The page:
Before the show, I carefully select two participants who ultimately become accomplices. Using the method described earlier in N.A.B.B.I.T. I force a page onto both individuals, separately. I ask them to lock the prominent word in the corner of the that page in their minds. I remind them that there are obviously thousands of different words in the book (though not in bold in the corner of course!). I then ask them to not write anything down or tell anyone, but to visualize an image representing the word that they have "chosen* \ If the word is Poison for example, there are only a couple of ways that most people would picture the meaning of the word -let alone draw it when called upon. The same is true of words like Lipstick, Radio or whatever word I'm able to force. Choosing the force word carefully makes the psychology here work well.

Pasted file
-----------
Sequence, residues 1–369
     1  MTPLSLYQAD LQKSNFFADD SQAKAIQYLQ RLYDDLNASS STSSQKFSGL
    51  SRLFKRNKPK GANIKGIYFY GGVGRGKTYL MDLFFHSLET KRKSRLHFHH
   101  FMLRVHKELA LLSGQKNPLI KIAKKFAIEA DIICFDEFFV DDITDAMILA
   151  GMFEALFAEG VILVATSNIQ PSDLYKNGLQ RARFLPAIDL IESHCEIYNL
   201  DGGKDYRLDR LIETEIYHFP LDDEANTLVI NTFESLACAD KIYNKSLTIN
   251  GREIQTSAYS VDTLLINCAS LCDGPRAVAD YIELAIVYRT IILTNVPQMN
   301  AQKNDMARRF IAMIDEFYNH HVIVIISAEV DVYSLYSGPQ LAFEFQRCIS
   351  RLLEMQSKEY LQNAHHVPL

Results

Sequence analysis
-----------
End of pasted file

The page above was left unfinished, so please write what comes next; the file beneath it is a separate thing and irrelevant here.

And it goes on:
For these spectators, the trick is really about how I'm able to know the word they chose earlier. This is a pretty good trick in its own right. But to everyone else in the audience, unaware of the existence of the dictionary, the trick is really about an IMAGE in the minds of fellow audience members. Furthermore, it's about an image never written or shared with anyone! Looking over my words in the script, you'll see that my comments really reinforce that notion, making it all the more perplexing.
Was this article helpful?
To do this successfully you need to build a clear path of action by using tools if necessary. These tools would be facts, evidence and stories which you know they can relate to. Plus you always want to have their best interests at heart, in other words, you know what is good for them